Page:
By Dominic Ponsford
An Associated Newspapers and Telegraph Group boycott has led this
year’s British Press Awards to be likened to the 1980 Olympics when
America refused to send a team.
But in the words of Pat Pilton, elected by all the national
newspaper editors to help review the awards: “You don’t think about
that when you get your gold medal.”
The two groups have declined
to comment to Press Gazette on their exact reasons for the boycott, but
they have said there is an “insuperable conflict of interest” with the
involvement of Matthew Freud because he runs the PR company, Freud
The row over the future of the Press Gazette-run
awards first erupted days after last year’s event when 11 editors said
they could no longer support it.
They complained that it had
become rowdy, questions were raised about the judging process and Bob
Geldof caused offence with a speech in which he called one heckler a
After Freud and Piers Morgan bought Press Gazette in
June, all national newspaper editors met as the Press Awards Forum and
elected Press Association consultant editor Pilton as chairman.
said: “It all started off with Paul Dacre [Daily Mail editor] after
last year’s event, saying the industry should have control of the
awards and the judging process, even if that’s through Press Gazette at
the end of the day.
“He asked Paul Potts [PA chief executive] to
set up the Press Awards Forum with representatives of all the national
newspaper groups. I was elected chairman at the first meeting, as an
“After three months in which Freud had pretty much
given us what we wanted, when it came to a vote the Mail and Telegraph
groups voted against, because they said there was an insuperable
conflict of interest as Matthew Freud ran a PR organisation.”
It is understood that the Mail and Telegraph titles also have concerns about Morgan’s involvement.
second proposal, from the Mail and Telegraph, that the awards be run by
the British Journalism Review, was rejected by the other editors.
finally, a compromise motion was agreed by all but the Telegraph, Mail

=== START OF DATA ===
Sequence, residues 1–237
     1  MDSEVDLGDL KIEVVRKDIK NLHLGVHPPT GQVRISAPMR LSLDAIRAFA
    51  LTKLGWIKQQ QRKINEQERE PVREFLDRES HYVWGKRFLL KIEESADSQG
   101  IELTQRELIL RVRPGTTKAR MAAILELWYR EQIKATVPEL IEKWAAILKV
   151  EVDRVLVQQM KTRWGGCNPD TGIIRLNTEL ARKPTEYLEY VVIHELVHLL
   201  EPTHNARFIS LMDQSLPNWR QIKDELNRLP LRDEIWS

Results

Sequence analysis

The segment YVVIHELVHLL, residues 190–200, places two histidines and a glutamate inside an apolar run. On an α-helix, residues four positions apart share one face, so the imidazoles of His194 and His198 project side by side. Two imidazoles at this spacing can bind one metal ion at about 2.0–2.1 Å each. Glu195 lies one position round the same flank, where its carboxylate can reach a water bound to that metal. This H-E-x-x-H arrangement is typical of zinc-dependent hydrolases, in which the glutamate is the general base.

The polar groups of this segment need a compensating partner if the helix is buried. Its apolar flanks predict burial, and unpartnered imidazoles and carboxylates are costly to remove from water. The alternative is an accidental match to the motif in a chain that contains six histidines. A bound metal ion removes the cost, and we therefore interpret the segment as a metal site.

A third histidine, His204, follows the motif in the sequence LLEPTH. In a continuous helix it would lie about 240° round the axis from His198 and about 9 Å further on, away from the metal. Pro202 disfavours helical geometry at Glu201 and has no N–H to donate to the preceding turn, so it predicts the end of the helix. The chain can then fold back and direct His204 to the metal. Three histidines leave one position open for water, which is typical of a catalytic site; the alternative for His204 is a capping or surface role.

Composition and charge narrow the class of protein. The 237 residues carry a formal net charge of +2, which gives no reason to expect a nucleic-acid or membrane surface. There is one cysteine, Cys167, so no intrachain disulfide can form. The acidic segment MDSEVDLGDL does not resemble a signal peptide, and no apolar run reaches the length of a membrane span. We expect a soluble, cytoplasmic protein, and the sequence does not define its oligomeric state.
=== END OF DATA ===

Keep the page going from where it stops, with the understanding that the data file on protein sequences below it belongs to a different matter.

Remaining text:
and Express titles, that the event be run by Press Gazette this year
and then reconsidered.
Pilton said: “They could have said at the first meeting that there was a conflict of interest with Freud or Morgan.
has conceded the whole judging process back to the industry – the
people in charge of the judging are representatives of the national
newspapers, appointed by the editors.
There’s no way Freud or Morgan could influence any of the judging.”
Pilton said the reaction of other editors to the Associated/Telegraph boycott has been “mixed”.
originally said that whatever happened we would all stay united, but
because of the Mail and Telegraph stance we had to go with the
majority, otherwise there would have been no awards this year.
people have seen it as a positive thing, they have more chance of
winning. In some ways it is like the Olympics when the Americans didn’t
send a team, you don’t think about that when you get your gold medal.”
Observer editor Roger Alton also used the Olympics analogy when asked to comment.
said: “My view is that boycotts are extremely silly, mean-minded and
pointless. The idea that anyone who got a gold in the Moscow Olympics
didn’t deserve it because America wasn’t taking part – I doubt if
anybody would say that.
“It deprives journalists of the chance of
getting honoured by their colleagues, which is a very nice thing and
doesn’t happen very often. It’s bad for journalism and bad for
Press Gazette managing director Simon Read said:
“It’s a shame that the excellent work by journalists at some national
newspapers will not be recognised at this year’s awards. The decision
to withdraw some titles seems to be based on an irrational prejudice.
successful awards ceremony is essential for the strength of a vibrant,
fair and informative trade journal for journalists. With or without
these groups, we look forward to hosting the ceremony in March.”